Identify best practices in other cities;
Develop a national antiviolence network of organizations to apply solutions.
"We take this issue very, very seriously here in Philadelphia," said Mayor Nutter in his opening remarks. "It rips out the heart and soul of what a community is all about."
Fourth District City Councilman Curtis Jones Jr., spoke at the conference about the difficulties of reacting to violence in his role.
"I think the hardest part of my job, without the fear of successful contradiction, is hearing these words, 'Oh my God, they've killed my son,'" Jones said, "There's no textbook answer to that."
Jones pointed out that he is the chairman of Council's Committee on Public Safety, and "I don't feel safe."
The conference's first day featured a nine-member panel discussion that included pastors, community activists and educators from cities including Seattle, New Orleans and Chicago.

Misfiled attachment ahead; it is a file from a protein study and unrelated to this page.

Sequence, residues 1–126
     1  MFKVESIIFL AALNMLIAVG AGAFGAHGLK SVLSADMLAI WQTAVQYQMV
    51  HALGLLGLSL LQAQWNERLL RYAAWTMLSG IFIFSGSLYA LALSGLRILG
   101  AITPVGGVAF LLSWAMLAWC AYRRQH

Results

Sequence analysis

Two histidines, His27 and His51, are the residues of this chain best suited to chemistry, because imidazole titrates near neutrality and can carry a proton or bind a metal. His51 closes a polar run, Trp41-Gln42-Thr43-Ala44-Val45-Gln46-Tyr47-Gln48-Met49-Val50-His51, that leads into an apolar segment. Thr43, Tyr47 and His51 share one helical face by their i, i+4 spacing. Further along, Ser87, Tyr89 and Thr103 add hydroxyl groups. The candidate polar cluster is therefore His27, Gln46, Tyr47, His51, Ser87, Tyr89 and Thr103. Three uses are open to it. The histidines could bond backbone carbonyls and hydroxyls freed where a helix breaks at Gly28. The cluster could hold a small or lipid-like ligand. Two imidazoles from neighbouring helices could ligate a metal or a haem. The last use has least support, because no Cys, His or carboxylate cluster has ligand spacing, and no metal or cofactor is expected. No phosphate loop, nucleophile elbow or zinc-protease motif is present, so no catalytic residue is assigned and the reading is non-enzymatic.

Qayyum presented the first-annual Kathy McNeil Battle Hero Award to Victoria Greene and Chantay Love, who run Every Murder is Real, a nonprofit victim outreach organization based in Germantown.
The award is in honor of the late Philadelphia Police Officer Kathy Battle who worked with homicide victims' families before she died of cancer in September.
Saturday's event features group sessions on family, values and culture, education, criminal justice, media and communications, economic development, youth and trauma, healing and mental health. The conference will conclude Sunday with a plan toward creating a national network to fight violence.
Qayyum said he expects 15 to 20 cities to be represented at the conference.
Contact Sean Carlin at email@example.com or follow on Twitter @SeanCarlin84.